Reflecting on 2012 and one word that is in the forefront of my mind is awareness. Some say “ignorance is bliss”; I choose to be aware, even if it means dealing with uncomfortable emotions (and answers).
Mark Cuban does the best analysis so far on the state of Facebook and the role for brands within the network.
“FB is what it is. It’s a time waster. That’s not to say we don’t engage, we do. We click, share and comment because it’s mindless and easy. But for some reason FB doesn’t seem to want to accept that its best purpose in life is as a huge time suck platform that we use to keep up with friends, interests and stuff. I think that they are over-thinking what their network is all about.
Being a time suck that people enjoy is a good thing. There is a comfort in turning on the TV and having it work without any thought required. It’s easy. It is the best 5-hour-on-average per day alternative to boredom.
There is a comfort in going on FB and seeing what pictures pop up from friends or from pages you have liked. FB is not something you have to rush through. All those pictures and posts are not going anywhere. FB is easy. In particular it’s a great alternative to boredom when you are stuck somewhere and all you have is your phone. Actually it’s a life saver. Head down on FB beats the hell out of that awkward feeling that you may have to at least acknowledge and possibly talk to the person next to you. Put another way, FB really risks screwing up something that is special in our lives as a time waster by thinking they have to make it more engaging and efficient.”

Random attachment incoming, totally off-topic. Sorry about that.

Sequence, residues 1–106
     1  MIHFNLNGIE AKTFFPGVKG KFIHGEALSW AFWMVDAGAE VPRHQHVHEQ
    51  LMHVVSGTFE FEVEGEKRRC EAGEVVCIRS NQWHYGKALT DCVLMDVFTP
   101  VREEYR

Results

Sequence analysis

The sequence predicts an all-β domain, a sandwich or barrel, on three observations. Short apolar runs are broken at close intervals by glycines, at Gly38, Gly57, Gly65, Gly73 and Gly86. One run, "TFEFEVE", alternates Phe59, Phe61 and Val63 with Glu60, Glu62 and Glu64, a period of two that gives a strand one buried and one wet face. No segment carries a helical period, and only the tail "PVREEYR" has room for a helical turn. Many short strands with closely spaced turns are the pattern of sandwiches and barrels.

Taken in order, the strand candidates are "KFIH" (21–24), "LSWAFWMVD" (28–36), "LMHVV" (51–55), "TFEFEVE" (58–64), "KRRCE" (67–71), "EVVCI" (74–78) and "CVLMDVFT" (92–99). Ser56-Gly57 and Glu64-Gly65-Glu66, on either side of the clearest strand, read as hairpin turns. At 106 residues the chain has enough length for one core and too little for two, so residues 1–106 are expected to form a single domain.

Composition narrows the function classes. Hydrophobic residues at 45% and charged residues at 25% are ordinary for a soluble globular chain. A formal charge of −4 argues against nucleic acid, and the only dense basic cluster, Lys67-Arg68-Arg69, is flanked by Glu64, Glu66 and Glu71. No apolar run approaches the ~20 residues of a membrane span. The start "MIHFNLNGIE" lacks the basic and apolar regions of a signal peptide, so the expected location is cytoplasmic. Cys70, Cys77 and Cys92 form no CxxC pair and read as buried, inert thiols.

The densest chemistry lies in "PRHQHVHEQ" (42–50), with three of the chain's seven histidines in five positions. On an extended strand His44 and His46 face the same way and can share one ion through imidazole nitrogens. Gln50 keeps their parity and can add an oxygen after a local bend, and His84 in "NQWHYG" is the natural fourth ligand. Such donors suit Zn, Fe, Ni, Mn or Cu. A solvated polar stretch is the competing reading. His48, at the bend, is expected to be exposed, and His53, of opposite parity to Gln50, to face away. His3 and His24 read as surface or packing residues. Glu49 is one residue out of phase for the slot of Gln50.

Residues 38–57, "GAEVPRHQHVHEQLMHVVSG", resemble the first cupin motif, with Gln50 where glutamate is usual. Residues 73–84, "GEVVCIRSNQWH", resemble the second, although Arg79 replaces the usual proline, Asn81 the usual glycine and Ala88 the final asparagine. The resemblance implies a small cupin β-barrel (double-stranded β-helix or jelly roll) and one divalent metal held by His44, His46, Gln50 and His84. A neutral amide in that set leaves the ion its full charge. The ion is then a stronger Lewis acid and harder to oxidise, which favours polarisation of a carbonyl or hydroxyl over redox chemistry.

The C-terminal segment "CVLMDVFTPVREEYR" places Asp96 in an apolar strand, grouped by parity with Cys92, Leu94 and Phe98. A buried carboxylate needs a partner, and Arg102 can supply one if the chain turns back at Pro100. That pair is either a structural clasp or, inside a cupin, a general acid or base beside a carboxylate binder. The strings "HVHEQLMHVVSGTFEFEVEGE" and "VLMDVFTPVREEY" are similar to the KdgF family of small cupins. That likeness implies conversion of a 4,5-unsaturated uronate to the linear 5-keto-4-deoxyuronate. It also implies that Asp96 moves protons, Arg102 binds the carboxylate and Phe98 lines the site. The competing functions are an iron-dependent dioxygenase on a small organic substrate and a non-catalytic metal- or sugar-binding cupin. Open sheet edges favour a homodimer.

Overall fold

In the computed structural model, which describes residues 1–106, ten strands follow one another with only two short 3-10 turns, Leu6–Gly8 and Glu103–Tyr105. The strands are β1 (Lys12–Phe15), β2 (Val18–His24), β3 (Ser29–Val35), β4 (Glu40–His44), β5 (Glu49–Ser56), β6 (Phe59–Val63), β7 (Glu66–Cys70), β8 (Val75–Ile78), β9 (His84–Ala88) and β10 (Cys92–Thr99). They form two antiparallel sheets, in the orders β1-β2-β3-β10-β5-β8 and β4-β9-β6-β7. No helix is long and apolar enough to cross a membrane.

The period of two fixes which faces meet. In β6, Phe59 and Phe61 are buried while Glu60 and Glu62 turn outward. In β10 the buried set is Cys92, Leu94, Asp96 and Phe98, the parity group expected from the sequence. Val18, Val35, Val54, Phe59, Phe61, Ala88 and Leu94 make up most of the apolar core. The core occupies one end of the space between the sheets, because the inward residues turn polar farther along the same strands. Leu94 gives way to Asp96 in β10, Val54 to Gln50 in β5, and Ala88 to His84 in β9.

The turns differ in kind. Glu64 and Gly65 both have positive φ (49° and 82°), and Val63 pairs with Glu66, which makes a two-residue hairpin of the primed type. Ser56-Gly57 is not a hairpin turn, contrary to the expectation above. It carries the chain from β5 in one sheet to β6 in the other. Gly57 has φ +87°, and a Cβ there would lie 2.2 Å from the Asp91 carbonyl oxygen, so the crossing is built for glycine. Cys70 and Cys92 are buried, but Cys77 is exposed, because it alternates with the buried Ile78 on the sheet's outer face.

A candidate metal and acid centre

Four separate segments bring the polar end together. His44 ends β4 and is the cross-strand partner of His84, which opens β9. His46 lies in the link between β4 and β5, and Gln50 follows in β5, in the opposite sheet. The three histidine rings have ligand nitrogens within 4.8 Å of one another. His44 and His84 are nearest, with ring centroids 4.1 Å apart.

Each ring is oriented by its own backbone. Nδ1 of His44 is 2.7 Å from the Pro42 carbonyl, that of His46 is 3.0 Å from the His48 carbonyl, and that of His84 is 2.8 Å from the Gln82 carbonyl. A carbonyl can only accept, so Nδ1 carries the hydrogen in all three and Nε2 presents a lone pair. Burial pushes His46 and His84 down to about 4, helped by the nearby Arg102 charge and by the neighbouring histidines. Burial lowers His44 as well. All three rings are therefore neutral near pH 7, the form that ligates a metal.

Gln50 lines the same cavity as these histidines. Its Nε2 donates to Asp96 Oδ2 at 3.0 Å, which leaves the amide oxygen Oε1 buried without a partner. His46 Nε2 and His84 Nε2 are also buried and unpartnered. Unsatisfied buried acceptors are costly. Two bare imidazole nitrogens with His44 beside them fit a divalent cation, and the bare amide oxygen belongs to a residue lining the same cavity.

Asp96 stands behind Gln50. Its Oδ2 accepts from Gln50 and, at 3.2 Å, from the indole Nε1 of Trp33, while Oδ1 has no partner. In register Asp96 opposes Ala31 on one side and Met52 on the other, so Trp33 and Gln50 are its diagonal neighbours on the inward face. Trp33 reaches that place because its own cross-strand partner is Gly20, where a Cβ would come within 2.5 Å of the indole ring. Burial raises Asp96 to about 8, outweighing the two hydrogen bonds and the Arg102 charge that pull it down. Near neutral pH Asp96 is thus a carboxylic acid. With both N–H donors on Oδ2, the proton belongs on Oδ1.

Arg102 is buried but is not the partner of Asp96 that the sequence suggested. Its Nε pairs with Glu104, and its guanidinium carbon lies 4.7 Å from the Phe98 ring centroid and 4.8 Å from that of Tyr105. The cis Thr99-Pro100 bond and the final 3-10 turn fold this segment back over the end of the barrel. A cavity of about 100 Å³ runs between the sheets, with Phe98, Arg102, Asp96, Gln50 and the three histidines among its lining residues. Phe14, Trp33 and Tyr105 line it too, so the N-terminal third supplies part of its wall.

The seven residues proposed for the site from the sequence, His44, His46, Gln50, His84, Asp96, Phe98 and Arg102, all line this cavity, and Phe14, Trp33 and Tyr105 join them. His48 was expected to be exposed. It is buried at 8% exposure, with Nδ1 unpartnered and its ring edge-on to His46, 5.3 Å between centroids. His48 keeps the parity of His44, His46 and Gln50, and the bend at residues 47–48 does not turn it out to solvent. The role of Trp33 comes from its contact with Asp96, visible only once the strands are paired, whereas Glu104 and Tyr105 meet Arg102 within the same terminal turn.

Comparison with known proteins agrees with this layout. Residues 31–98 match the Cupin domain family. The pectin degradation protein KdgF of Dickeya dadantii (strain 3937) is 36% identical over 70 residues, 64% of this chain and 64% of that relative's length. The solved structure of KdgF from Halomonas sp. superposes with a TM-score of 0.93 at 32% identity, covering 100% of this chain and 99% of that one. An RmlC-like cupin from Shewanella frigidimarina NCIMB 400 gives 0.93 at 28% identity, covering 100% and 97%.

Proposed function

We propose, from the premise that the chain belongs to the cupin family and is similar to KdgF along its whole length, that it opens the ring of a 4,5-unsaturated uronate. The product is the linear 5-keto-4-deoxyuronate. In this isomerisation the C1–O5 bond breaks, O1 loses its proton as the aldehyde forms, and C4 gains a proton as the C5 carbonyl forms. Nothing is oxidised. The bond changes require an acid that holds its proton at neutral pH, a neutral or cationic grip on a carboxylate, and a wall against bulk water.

Becoming more conscious will make you more successful in every area of life. That’s the theme I proposed in the first post of this series. This is an area that is vastly neglected by most people. They approach life on a day-to-day basis doing three things: 1. Following a set routine 2. Coping with challenges as they come up and 3. Fulfilling short-term desire.
Mistake No. 4: Concealing Things That Don’t Need to Be Concealed
Keeping secrets from each other drives a wedge into relationships. “Holding things close to the chest used to be strategic,” Katie Hendricks says, but today’s emphasis on transparency has superseded the old corporate secrecy.